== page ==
‘What happens to a city when families can no longer afford to live there?’ La Jolla artist looks for answers

Claire Starkweather Forrest's latest art exhibit is "Where Have All the Children Gone?" at St. James by-the-Sea in La Jolla.
Claire Starkweather Forrest stands in front of her latest art exhibition, “Where Have All the Children Gone?” at St. James by-the-Sea Episcopal Church’s gallery in La Jolla.
(Meg McLaughlin / The San Diego Union-Tribune)

Claire Starkweather Forrest explores the impact of housing costs on families in her current exhibit in the gallery at St. James by-the-Sea Episcopal Church in La Jolla.


After moving to San Francisco in 2016, artist Claire Starkweather Forrest and her family left the city a year later. The home they were staying in with their two young children, while she was pregnant with their third, was being tripled in size to be sold.

It had been their fourth rental and they didn’t want to have to move their two boys yet again, so they chose to return to San Diego.

“I wondered, ‘What happens to a city when families can no longer afford to live there?” said Forrest, who now lives with her husband and their three children near Windansea Beach in La Jolla. “What will be the long-term impact on a city when the families in the very communities that make the city a great place to raise children have to leave? What happens to the cultural fabric of the city? What is left?”

That was the catalyst for her current exhibition, “Where Have All the Children Gone?” which is inspired in part by a 2017 article from The New York Times with a similar title, documenting the decrease in the number of children in the city and its implications on community and culture.

Forrest’s art show is on display through Saturday, Sept. 24, at the gallery in St. James by-the-Sea Episcopal Church in La Jolla, with a reception at 7 p.m. Saturday, Sept. 17.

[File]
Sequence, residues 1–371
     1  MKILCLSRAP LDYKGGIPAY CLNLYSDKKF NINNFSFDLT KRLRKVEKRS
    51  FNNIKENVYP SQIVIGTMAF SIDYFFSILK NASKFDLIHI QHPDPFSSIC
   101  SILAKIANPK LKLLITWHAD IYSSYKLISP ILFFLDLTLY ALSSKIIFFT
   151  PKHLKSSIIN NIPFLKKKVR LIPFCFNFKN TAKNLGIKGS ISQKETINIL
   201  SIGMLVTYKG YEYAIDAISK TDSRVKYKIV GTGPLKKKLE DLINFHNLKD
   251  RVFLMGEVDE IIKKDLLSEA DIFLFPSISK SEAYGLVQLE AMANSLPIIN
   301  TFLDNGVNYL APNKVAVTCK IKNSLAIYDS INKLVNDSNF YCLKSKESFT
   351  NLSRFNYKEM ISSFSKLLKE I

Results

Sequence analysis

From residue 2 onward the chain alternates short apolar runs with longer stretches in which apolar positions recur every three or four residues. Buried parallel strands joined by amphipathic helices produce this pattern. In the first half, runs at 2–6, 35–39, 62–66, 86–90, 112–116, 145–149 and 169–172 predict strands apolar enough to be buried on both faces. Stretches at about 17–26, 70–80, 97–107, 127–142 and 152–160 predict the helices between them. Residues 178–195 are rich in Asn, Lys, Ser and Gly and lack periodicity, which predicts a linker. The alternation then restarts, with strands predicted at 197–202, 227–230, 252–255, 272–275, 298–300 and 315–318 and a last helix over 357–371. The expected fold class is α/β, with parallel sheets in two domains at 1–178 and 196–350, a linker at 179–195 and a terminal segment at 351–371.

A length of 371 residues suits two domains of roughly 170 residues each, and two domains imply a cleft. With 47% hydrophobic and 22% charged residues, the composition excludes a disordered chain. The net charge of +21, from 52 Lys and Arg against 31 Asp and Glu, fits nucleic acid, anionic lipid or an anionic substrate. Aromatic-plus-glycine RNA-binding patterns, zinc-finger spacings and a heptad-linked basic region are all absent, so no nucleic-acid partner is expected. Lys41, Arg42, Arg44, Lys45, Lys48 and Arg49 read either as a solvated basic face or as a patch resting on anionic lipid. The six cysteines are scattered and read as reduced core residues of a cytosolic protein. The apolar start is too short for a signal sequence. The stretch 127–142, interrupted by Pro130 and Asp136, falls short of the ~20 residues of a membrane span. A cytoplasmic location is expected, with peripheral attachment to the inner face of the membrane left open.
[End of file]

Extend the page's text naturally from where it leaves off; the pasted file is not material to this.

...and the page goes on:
Her work includes 10 drawings on paper, with two pieces on vinyl records (including a painting).

Forrest, 43, is a full-time artist and illustrator and has worked as a muralist and an art teacher and art consultant. She took some time to discuss her latest work and its focus on the costs of housing, the displacement of families and how that affects culture.

Q. “Where Have All the Children Gone?” was inspired by your reflections on the housing market. Talk about how you came to focus your art on that topic and what the name of your exhibit means.

A. In 2017, I read “San Francisco Asks: Where Have All the Children Gone?” in The New York Times and it really resonated with me. Someone had put into words everything we had experienced in our short time as San Franciscans. We moved to San Francisco in 2016 while the housing market was booming, and it became immediately apparent that rising costs were making it difficult for families to call San Francisco home. We had been living there for a few months when the owner of our 110-year-old, 1,200-square-foot home applied for a building permit to take the house down to the studs and triple the square footage. We thought about fighting it since it was the fourth rental we’d lived in and we didn’t want to have to move our sons again, so we talked to other families at our son’s school. They casually responded with, “Oh yeah, that happened to us, too.” ...